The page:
What time limits apply?

In most personal injury claims, you have three years from the date you suffered an injury to claim compensation. The challenge with this type of condition is that it’s not easy to pinpoint the date of the event that caused chronic pain.

In these cases, the general rule is that you have three years from the date of knowledge of the injury or event that caused your persistent pain. This is particularly important for chronic pain claims where there has been a delay between the injury or substandard medical treatment – and when the persistent pain actually began.

Always check with specialist personal injury lawyers to find out if you are able to bring an injury claim.

CASE STUDY – A soft play centre receptionist won £34,000 in chronic pain compensation after her carpal tunnel syndrome was made worse by having to pick up a card payment machine up to 100 times a day. Her employer had failed to make reasonable adjustments.

SOURCE – Daily Telegraph

What can I claim compensation for?

You can claim general damages to reflect your actual pain and suffering; and ‘special’ damages to compensate you for the financial impact of your injury and or chronic pain condition.

Chronic pain compensation amounts due in general damages depends on a number of factors. For example, did it follow a primary injury – which you will also want to claim for? How much compensation you win will also depend on the nature and extent of your condition; your prognosis; and the impact on your life.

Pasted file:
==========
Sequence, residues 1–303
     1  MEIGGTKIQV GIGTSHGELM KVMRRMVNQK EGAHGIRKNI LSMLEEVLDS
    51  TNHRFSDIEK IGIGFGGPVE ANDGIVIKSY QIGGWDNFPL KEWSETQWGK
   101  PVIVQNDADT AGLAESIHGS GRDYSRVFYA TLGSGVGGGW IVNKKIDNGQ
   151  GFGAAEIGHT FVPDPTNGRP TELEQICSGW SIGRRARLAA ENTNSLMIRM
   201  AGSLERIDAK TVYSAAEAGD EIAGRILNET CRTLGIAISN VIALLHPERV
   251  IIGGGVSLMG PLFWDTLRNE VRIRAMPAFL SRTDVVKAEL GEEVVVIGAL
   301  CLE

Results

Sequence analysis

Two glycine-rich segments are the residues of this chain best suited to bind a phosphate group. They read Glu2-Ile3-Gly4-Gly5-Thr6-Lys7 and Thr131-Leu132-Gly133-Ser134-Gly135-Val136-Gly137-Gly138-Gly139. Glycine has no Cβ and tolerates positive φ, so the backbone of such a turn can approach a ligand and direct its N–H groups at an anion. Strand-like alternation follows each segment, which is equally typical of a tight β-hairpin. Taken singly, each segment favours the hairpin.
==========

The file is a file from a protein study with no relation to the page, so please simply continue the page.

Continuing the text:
With so many unknowns early on in personal injury cases, it’s difficult to give guideline chronic pain compensation amounts for what you could be entitled to. However, lawyers refer to official guidelines from the Judicial College when calculating an appropriate level for your financial compensation settlement. The guidelines, now in their 16th edition (2022) suggest, for instance:

  • Moderate complex regional pain syndrome – up to £52,500
  • Severe complex regional pain syndrome – between £52,500 and £84,010
  • Severe carpal tunnel: £13,000 to £20,000
  • Moderate to serious vibration white finger – £8,640 to £38,430

You can also try the online compensation calculator for an initial estimate of how much compensation you might be entitled to in compensation for chronic pain conditions.